Breach of Fiduciary Duty

Securities Fraud Attorneys Serving Residents of Los Angeles

State and federal laws require that investment advisers act in their clients’ best interests. Although they act as fiduciaries, some brokers fall short of the duties owed to their customers. Steve A. Buchwalter is an experienced securities fraud lawyer who advises and represents individuals throughout Los Angeles County and beyond who were burned by their brokers. You may have a legal claim against your financial adviser if you suspect a breach of fiduciary duty.

Fiduciary Duty of Investment Advisers and Brokers

A fiduciary relationship arises when a person places his or her trust and confidence in another person or entity. In the investment arena, advisers and brokers can help customers (both institutions and individuals) make important financial decisions. An investment adviser is a person or company that advises clients about securities for a fee. A broker, or a broker-dealer, acts as an intermediary who helps customers with potential investments brokered or sold by the broker-dealer. The Financial Industry Regulatory Authority (FINRA) defines a broker-dealer as a person or company that buys and sells securities on behalf of its customers, its own account, or both. A person who works for a broker-dealer is usually referred to as a broker, but he or she is also a “registered representative” of the broker-dealer.

The Investment Advisers Act of 1940 regulates this profession. Federal and state courts as well as the Securities and Exchange Commission have held that investment advisers have a fiduciary obligation to their customers, which means they must place their own interests below those of their clients. For instance, they must provide advice that is based on complete and accurate information, and that suits their customer’s financial needs and goals. They must also disclose all material facts and avoid any potential conflicts of interest.

Under federal law, brokers have a suitability obligation to their customers. A broker only needs to provide recommendations that are suitable based on the customer’s objectives, financial need, age, and various other circumstances. In other words, his or her recommendations should be consistent with a client’s best interests. Account churning, which is when a broker trades excessively in order to generate commissions, is one example of when a financial professional may violate the suitability standard. Some states, such as California, impose a fiduciary duty on brokers based on the agency relationship they have with their customers.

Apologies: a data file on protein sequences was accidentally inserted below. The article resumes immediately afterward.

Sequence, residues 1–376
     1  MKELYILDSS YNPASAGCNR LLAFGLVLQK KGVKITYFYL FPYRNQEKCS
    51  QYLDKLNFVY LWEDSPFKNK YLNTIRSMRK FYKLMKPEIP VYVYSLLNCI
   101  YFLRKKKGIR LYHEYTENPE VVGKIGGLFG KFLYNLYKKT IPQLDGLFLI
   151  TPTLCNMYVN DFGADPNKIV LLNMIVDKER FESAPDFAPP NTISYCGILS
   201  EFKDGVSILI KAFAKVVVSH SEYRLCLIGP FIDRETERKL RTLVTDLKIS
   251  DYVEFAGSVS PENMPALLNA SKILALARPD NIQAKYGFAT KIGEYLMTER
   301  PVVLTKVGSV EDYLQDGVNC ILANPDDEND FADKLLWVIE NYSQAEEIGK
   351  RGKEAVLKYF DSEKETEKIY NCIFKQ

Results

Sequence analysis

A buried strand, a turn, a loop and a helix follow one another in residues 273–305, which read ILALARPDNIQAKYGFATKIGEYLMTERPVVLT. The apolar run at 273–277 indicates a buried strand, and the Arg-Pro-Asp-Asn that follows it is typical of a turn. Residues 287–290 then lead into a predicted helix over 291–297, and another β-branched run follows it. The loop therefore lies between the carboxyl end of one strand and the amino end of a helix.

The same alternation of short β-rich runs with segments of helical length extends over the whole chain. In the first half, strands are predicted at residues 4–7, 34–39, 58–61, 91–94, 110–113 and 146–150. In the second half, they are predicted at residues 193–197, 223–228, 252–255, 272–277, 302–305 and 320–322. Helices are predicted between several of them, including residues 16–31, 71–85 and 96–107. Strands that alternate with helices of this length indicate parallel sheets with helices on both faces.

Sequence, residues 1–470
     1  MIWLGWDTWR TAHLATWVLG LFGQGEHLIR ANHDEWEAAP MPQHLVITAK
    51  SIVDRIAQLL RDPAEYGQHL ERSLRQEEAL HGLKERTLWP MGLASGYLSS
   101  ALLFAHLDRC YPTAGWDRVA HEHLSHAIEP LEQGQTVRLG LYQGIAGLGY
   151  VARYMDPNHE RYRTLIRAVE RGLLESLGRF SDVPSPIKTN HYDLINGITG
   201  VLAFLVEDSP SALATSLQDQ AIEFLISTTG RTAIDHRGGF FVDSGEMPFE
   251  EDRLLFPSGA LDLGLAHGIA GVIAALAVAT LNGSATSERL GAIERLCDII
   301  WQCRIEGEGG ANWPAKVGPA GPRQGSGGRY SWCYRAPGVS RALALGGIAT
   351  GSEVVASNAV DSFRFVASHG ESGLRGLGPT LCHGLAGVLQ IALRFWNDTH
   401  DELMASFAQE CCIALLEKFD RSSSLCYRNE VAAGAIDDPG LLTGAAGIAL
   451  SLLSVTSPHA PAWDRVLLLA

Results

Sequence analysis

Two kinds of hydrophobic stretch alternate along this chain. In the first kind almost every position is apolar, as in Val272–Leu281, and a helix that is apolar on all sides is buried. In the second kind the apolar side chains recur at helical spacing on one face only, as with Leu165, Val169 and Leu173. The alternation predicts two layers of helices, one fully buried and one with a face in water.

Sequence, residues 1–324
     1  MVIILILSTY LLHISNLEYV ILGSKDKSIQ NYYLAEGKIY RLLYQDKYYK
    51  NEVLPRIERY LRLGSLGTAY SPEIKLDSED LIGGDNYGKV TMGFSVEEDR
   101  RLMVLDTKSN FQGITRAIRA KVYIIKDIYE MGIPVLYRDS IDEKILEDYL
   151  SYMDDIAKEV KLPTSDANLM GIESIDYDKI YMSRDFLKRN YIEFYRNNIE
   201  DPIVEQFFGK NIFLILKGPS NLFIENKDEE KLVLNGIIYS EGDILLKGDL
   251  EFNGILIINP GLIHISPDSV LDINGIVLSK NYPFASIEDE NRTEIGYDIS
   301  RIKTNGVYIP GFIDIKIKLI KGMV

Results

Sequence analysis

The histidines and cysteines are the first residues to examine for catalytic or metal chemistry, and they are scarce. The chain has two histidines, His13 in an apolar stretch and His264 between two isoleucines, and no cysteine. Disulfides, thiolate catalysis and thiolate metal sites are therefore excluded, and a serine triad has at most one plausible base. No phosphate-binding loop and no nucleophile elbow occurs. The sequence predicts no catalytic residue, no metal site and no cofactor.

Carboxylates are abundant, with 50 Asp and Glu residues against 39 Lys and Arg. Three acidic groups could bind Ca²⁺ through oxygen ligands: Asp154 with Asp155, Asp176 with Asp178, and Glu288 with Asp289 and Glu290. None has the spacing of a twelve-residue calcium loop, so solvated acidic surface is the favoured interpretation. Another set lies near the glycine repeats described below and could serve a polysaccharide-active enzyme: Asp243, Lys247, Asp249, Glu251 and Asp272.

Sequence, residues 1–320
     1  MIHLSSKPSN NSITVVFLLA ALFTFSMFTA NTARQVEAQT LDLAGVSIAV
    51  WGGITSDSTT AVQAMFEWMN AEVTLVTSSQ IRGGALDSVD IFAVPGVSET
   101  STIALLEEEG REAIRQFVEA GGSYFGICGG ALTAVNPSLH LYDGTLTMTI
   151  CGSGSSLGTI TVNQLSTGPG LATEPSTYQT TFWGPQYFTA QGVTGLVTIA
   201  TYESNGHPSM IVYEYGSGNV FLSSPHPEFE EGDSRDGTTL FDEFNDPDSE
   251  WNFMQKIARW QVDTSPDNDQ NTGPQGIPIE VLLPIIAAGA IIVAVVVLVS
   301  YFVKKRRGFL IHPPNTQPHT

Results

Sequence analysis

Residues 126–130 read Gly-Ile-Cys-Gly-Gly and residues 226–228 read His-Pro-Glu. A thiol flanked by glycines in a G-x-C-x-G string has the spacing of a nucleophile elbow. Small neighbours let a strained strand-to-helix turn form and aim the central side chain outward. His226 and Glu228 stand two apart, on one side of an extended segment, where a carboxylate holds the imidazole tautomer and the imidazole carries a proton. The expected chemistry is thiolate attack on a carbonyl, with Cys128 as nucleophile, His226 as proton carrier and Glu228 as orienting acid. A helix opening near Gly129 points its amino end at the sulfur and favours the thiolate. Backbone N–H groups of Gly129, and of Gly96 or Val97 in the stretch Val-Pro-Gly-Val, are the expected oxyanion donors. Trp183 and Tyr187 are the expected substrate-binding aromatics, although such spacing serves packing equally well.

California and a Broker’s Fiduciary Duty

California recognizes a fiduciary relationship between a broker and his or her customer. Brokers act as their customers’ agents. Since an agent is generally a fiduciary to his or her principal, brokers are considered fiduciaries in California.

A broker must exercise his or her fiduciary duty with the utmost good faith, integrity, reasonable care, and loyalty. A broker cannot simply carry out a customer’s objectives but must determine the customer’s actual financial needs and circumstances when making a recommendation, particularly if the customer has invariably relied on the broker’s advice in the past. A broker’s fiduciary obligations include:

  • A duty to fully and fairly disclose all material facts. The California Code also makes it unlawful for anyone to omit, or make an untrue statement about, a material fact in connection with the sale or offer of a security;
  • A duty to ensure the customer understands an investment’s risks in light of his or her financial interests; and
  • A duty to keep the customer informed of each completed transaction.

The scope of the duty will depend on the facts and circumstances of each case. This includes the customer’s experience in investment matters, his or her ability to evaluate the broker’s recommendations, and whether the account is discretionary or nondiscretionary.

Protect Yourself against Investment Fraud with the Help of a Skilled Ventura Lawyer

Investment fraud attorney Steve A. Buchwalter has more than 20 years of experience representing clients in Ventura County and the surrounding regions. He has helped investors pursue claims against brokers and other financial professionals who commit fraud or negligence, or otherwise breach their fiduciary duty. As a former stockbroker, Mr. Buchwalter offers a unique insight and perspective into these types of disputes. He serves clients in Beverly Hills, Los Angeles, Santa Barbara, and Newport Beach, among other communities throughout Southern California. For a consultation, call us today at (818) 501-8987 or fill out our online form.